When I started my research, I didn’t think Bolivia would get anywhere near the top 10. But after learning so much more about this large land-locked country, I believe it just might be a place to seriously check out. That is one of the things I looked forward to in retirement – going to a place and staying for several months instead of 1 or 2 weeks.

First, to focus on the title of this article, Bolivia is very affordable. Its COL Index is 23%. The comments I have read say a couple can easily live in one of the major cities for $2,000 or less. Rents, restaurants, groceries, and taxis are all super-low. With the very high Andes Mountains and the Amazon rainforest, you have your choice of weather and scenery.

La Paz Bolivia is located at 12,000 feet elevation
La Paz is Bolivia’s capital and also its largest city. According to Wikipedia, it is the highest administrative capital in the world.


La Paz is the capital and its metropolitan area boasts a population of 2.4 million. It is located in a valley within the Andes Mountains at nearly 12,000 feet, making it the highest capital city in the world. It is located 42 miles southeast of Lake Titicaca, which Bolivia shares with Peru. This lake is huge, the size of Puerto Rico, and is the highest lake in the world at 12,500 feet. Because of its location and altitude, average temperatures are significantly cooler than many other destinations in South America.

Cochabamba is another city further south. Like Medellin, Cochabamba is called the City of Eternal Spring. But at 8,400 feet it has similar altitude and weather to Cuenca, Ecuador.

Other Considerations

Bolivia looks to be a very rugged country that will challenge retirees. I found mixed comments about the quality of life issues. Healthcare doesn’t appear to be nearly as strong as some other countries on this list. And poverty is a serious issue. So I would recommend a personal visit of at least 3 months to be sure it is the right place for you. But you can afford to live there.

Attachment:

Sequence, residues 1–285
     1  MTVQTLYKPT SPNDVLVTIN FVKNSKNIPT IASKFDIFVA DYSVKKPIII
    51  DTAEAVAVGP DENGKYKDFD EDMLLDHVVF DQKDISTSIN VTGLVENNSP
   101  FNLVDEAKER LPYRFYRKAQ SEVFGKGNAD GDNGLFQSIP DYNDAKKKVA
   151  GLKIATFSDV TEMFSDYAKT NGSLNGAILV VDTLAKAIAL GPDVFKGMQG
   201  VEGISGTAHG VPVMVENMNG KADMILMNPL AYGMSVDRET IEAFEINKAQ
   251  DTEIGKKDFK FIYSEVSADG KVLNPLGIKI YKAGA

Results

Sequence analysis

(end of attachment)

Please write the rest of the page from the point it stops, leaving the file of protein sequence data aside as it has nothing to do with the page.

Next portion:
#9. Uruguay – European Flavor in South America

Rambla Beach at Montevideo, Uruguay, # 9 of 10 cheapest countries to retire in the Americas.
Rambla Beach at Montevideo, Uruguay

Uruguay is very unique. It is much different than any other country on our list. It is located on the Atlantic Coast south of Brazil and East and North of Argentina. Montevideo, the capital and largest city sits at the southernmost point of Uruguay on the Atlantic Coast where the Rio de la Plata flows into the ocean. Over half the population lives there. About 88% of the population is of European descent, mostly from Spain and Italy.

Uruguay is one of the most expensive countries on our list. But its COL + Rent factor is still only 38% in comparison with USA/NYC. It is about half when compared to our hometown of Houston, Texas. So there is still some significant savings in living here, just not as much as many of our other countries.

Another unique fact is there are no mountains in Uruguay. The highest point is only 1,618 feet. It has 4 distinct seasons, where many of our countries have only 1. If you would like more information on Uruguay, you may click this link.

#10. Guatemala – It Is Larger Than It Looks

To prepare this blog, I watched a video titled “10 Things That Shock Tourists”. One point was particularly appropriate. “Guatemala has two mountain ranges and 33 volcanos. It will take longer than you think to get places.”


Guatemala is the last country on our list. But don’t despair. At a Cost of Living Index of only 28% of USA/NYC, your Social Security check will go a long way here. Guatemala City is the largest urban area in all of Central America with a population of almost 3 million. But it is dwarfed by the huge cities in South America.

The two most popular areas for Expats are relatively close to Guatemala City. The first is the historic city of Antigua, only 25 miles from Guatemala City. And Lake Atitlan with its many volcanos and Mayan villages is only 75 miles from Guatemala City. Being that close gives you great access to the best healthcare facilities and the International Airport.

Other Considerations

So far, we have not had the opportunity to visit Guatemala, but we want to. All those volcanos have to be worth seeing. And I am a sucker for spectacular waterfalls. And living there is incredibly affordable. So I think Guatemala deserves serious consideration.